When Elizabeth Joy Roe and Greg Anderson met at The Julliard School in 2000 they couldn’t have known that over a decade later they would be playing music together around the world, stretching the boundaries of piano recitals and introducing classical music to a new audience. They did, however, know that the creative chemistry between them was extraordinary.

“Our first time playing together was in the Hamptons,” Roe says. “Just for fun, Greg suggested that we read the music together. It was a eureka moment for both of us. We had an immediate sense of synchronicity that required practically no effort.”

Celebrated individually for their technique and accomplishments, the strength of Anderson & Roe, who perform Saturday, January 21 at the McAfee Center in Saratoga, lies in their combination of forces. A dynamic and fiery duo who are revolutionizing piano duets, Anderson & Roe take on classics, contemporary compositions and pop music staples with dazzling energy and precision. Their four hands, one piano works are masterpieces of arrangement, innovation and choreography.

“There’s something about two people playing one instrument,” Roe says. “You can feel the energetic current happening. It’s more challenging to do a piece on one piano, but it really brings out the power of the work. In rehearsal there are bumps and scratches, and with live performance there are always unexpected things that arise, but that’s part of the excitement.”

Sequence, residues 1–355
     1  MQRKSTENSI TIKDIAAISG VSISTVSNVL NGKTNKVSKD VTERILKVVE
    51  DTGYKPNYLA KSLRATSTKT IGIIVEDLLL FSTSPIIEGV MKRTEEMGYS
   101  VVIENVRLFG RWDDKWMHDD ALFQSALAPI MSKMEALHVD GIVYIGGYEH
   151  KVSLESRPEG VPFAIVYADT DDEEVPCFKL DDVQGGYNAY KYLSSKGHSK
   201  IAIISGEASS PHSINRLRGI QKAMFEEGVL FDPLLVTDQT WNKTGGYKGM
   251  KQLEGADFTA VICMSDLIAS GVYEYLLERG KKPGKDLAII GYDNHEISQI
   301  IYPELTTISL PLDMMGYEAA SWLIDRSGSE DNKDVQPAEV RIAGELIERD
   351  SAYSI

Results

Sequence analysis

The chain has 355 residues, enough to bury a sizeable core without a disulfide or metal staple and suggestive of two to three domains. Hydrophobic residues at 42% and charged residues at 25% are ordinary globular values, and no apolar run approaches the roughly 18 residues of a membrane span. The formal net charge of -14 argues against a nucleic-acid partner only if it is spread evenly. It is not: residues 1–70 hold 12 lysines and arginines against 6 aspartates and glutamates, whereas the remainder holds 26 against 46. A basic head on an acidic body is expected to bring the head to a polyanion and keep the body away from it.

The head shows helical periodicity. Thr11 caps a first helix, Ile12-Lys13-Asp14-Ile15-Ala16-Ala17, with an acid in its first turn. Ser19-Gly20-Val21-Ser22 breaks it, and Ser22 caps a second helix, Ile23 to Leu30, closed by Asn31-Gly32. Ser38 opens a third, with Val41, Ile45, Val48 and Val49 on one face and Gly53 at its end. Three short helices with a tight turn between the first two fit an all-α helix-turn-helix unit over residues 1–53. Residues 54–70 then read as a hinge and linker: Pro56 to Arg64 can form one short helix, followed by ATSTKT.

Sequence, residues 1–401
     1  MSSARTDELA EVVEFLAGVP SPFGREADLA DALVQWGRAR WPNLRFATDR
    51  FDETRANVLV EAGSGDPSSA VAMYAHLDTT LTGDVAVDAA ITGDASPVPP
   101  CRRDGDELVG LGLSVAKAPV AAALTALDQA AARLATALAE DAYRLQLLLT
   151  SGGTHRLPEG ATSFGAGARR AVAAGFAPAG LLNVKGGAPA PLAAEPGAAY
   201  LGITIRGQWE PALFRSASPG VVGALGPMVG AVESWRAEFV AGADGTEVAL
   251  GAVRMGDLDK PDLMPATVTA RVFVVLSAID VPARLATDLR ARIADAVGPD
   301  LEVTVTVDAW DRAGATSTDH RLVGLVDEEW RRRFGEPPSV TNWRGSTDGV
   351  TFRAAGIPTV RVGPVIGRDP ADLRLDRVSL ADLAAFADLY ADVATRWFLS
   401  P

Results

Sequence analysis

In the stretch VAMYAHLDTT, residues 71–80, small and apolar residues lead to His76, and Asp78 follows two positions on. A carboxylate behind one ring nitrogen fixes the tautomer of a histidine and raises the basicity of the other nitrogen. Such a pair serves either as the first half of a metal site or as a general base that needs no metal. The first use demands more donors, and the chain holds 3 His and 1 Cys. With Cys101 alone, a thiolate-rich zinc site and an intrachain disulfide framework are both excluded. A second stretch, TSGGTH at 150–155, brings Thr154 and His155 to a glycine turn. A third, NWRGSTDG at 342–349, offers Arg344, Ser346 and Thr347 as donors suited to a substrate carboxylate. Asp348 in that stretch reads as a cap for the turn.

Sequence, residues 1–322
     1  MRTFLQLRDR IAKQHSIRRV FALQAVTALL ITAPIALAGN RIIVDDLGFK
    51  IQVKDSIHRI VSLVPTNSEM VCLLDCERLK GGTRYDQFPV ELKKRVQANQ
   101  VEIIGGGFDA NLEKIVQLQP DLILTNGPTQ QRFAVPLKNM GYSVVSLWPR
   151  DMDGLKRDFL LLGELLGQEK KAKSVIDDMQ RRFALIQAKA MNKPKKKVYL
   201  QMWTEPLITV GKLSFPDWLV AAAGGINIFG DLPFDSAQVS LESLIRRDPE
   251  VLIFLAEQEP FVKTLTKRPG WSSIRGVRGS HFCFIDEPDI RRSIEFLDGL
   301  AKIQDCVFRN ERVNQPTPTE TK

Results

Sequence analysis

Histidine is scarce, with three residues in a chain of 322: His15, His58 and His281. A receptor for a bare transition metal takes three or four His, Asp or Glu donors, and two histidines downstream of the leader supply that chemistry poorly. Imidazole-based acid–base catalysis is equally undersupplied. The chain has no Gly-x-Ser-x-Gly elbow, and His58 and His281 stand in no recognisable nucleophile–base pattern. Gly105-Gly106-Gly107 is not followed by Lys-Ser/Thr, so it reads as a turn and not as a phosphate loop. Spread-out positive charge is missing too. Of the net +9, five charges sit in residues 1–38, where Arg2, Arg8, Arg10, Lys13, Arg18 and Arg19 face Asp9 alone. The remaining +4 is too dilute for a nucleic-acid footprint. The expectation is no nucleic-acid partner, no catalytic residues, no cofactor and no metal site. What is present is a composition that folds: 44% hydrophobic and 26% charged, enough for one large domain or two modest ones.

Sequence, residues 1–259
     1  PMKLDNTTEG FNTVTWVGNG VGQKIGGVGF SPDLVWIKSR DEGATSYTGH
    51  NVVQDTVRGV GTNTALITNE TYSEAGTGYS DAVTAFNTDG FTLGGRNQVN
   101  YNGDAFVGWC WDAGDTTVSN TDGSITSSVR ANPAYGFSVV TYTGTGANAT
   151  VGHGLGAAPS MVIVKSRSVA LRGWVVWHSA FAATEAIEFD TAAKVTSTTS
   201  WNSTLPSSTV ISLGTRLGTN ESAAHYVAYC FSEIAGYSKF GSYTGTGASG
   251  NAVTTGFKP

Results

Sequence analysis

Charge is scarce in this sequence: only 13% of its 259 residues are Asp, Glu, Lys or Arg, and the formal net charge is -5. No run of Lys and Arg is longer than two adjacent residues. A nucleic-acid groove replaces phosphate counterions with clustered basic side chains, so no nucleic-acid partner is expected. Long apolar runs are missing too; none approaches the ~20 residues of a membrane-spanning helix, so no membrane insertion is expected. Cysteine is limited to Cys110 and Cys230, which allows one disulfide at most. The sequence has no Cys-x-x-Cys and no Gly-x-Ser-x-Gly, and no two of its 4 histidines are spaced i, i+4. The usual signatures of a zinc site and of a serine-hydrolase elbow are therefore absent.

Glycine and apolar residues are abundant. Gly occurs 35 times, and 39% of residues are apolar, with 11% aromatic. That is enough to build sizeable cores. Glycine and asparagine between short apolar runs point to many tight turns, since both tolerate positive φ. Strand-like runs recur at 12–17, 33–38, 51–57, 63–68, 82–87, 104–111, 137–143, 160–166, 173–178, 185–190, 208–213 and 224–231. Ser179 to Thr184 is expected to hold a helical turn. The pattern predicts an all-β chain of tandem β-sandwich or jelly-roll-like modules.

Although they are well established in the classical music realm—the duo’s San Jose appearance is being presented by the Steinway Society of the Bay Area and their latest release, When Words Fade, recently reached the No. 2 spot on Billboard’s Traditional Classical chart—Anderson & Roe use classical techniques, styles and compositions as a springboard. From there, they move freely into a musical territory where genre classification falls away. An Anderson & Roe performance may include pieces by Radiohead, John Williams, the Bee Gees and Michael Jackson, in addition to compositions from the classical music canon.

“It’s a combination of having profound respect for the tradition of classical music and staying alert to the present moment,” Roe says. “Being true to the spirit of classical music is not what people think; that it’s a serious and worshipful experience. Mozart was very innovative and quite a jokester. He would take popular tunes and make them his own. Beethoven was very much a visionary and forward thinker. These great artists were taking risks and incorporating the pulse of their time into their creations.”

Regardless of the composition, genre or style, one of the duo’s intentions, according to Roe, is to present music in a way that audiences can relate to their lives; not removed like an historical artifact.

“Music and life are inextricably linked,” she says. “We feel that music should reflect our lives; be fun, spirited, playful, but also serious and profound. That is,” she adds, “to pay tribute to life.”